At the municipal level, Vancouver maintained its spot as the most expensive city in Canada, with average rental rates of $2,772 per month in January. The lowest rates in Canada were found in Regina.
Toronto, Ontario rental rates increased by 9.51% and St.Johns, Newfoundland saw the largest municipal decline of 9.20%.
The leader in overall listings was Lethbridge, BC with 551.
Of note, only one listing for Quebec City was obtained. Hence, an average rental rate of $750 and 32.72% monthly rental decline be may not be representative of the rental market in Quebec City.
The average rent in Canada is up 1.27% this month, driven by a greater rental rate of at least 2% in most provinces. This shows that the rental market is levelling out after the decrease in national rent prices seen during the months of November and December. We see an increase in the cost to rent in most large urban centres despite prevailing Covid-19 restrictions. Canadian cities such as Toronto, Vancouver, and Edmonton saw rental rates increase as demand for urban rental properties drove prices higher.
Given the increase in rents in large urban centres such as Toronto and Vancouver, we can see that the real estate rental market in Canada continues to recover from a difficult 2020 and 2021. However, it is possible the Omicron variant will continue to create uncertainty in the real estate rental market.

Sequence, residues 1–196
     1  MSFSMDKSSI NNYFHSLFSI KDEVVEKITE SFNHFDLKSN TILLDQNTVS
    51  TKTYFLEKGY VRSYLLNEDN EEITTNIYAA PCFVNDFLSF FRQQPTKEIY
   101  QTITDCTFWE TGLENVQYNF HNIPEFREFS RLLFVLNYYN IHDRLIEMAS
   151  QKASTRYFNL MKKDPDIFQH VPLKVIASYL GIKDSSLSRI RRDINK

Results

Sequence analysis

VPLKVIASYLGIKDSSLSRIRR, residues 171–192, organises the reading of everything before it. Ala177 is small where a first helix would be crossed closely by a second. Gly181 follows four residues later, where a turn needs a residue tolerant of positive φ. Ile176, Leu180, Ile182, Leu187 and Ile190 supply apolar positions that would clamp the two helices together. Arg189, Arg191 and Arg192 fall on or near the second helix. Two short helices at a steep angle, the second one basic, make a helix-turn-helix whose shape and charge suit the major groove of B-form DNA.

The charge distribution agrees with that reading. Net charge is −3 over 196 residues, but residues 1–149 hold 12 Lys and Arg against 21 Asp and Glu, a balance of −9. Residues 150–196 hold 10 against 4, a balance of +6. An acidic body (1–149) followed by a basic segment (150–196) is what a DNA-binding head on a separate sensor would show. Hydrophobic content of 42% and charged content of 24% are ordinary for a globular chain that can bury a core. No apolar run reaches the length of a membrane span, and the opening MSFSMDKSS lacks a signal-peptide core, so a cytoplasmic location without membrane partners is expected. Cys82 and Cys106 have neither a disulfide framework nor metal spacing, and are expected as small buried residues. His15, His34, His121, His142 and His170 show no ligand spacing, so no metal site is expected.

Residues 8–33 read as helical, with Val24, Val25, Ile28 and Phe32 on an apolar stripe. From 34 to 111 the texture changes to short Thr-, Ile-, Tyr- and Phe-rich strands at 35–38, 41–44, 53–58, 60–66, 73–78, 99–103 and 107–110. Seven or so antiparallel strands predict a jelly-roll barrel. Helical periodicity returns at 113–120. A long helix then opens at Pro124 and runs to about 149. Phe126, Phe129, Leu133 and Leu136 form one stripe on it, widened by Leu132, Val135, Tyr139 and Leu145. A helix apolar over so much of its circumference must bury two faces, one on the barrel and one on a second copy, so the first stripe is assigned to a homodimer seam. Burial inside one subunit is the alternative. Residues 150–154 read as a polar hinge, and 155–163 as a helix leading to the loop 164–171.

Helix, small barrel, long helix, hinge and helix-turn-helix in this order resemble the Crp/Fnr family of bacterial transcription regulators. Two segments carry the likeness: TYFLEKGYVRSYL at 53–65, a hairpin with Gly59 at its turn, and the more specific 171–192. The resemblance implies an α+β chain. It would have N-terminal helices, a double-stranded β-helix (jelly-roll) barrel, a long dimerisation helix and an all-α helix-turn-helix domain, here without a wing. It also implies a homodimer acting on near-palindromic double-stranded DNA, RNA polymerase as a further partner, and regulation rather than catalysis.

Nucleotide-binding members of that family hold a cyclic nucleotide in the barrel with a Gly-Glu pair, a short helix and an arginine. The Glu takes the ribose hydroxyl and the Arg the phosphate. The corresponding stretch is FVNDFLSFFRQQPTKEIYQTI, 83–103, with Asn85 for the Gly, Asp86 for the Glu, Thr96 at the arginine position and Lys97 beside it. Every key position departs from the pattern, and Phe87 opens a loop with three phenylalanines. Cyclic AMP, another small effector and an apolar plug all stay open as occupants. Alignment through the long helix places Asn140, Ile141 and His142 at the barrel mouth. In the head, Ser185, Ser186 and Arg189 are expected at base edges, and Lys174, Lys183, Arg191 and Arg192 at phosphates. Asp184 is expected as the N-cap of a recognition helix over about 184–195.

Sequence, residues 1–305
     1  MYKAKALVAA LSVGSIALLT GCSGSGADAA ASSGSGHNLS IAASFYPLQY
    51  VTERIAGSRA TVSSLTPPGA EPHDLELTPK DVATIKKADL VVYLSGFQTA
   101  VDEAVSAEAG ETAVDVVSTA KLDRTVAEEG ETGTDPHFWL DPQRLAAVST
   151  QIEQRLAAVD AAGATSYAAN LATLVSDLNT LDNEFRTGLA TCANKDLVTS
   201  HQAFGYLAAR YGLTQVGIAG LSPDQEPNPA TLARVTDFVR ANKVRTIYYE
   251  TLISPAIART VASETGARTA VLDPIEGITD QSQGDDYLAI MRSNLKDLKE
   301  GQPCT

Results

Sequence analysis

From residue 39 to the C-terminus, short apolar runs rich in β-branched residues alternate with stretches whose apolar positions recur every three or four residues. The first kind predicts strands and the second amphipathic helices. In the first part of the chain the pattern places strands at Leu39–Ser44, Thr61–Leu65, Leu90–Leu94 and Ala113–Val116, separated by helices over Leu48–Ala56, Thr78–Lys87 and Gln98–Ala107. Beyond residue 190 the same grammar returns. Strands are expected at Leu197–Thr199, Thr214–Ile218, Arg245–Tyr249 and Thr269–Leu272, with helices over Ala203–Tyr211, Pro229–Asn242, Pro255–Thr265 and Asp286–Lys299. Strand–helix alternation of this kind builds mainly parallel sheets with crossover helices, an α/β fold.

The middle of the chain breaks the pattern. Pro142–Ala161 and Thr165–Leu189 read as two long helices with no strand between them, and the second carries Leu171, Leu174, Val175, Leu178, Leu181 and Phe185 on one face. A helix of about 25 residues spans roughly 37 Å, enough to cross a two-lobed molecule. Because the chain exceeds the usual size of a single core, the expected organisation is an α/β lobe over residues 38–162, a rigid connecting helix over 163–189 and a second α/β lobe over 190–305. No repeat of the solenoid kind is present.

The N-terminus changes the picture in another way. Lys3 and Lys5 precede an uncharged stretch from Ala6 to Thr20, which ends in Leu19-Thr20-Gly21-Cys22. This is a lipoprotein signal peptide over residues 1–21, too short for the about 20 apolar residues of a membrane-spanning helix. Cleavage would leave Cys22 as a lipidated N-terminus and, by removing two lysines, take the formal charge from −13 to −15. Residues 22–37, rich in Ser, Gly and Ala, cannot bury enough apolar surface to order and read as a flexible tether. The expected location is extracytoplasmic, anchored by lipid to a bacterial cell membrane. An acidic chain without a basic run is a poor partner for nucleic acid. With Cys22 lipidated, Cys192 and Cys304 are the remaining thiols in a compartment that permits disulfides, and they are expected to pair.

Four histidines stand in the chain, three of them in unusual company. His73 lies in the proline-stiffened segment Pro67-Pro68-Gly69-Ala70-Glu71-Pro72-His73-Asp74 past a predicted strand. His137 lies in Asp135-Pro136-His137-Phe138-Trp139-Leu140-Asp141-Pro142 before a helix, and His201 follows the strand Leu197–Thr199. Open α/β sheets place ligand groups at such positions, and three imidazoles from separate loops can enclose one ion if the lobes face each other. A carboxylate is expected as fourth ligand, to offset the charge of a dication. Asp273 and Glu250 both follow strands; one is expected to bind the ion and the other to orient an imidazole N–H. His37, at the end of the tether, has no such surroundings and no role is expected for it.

SingleKey uses multiple sources of residential rental listings to analyze the rental market on a monthly basis such as Kijiji and Padmapper, giving us a glimpse into the rental market from both small residential landlords and larger property management companies.
SingleKey data is based on 9,855 listings that were scraped during the month of December and 9,686 listings scraped in the month of November. These listings include apartments, condos, townhouses, houses, basements, and duplexes/triplexes, as well as listings with up to 8 bedrooms throughout Canada.
Rental rates calculated in this report are based on data collected from public rental listings on sites, which is a smaller sample size than the universe of rentals in Canada, however we believe it is indicative of the actual rental market and the trends that follow.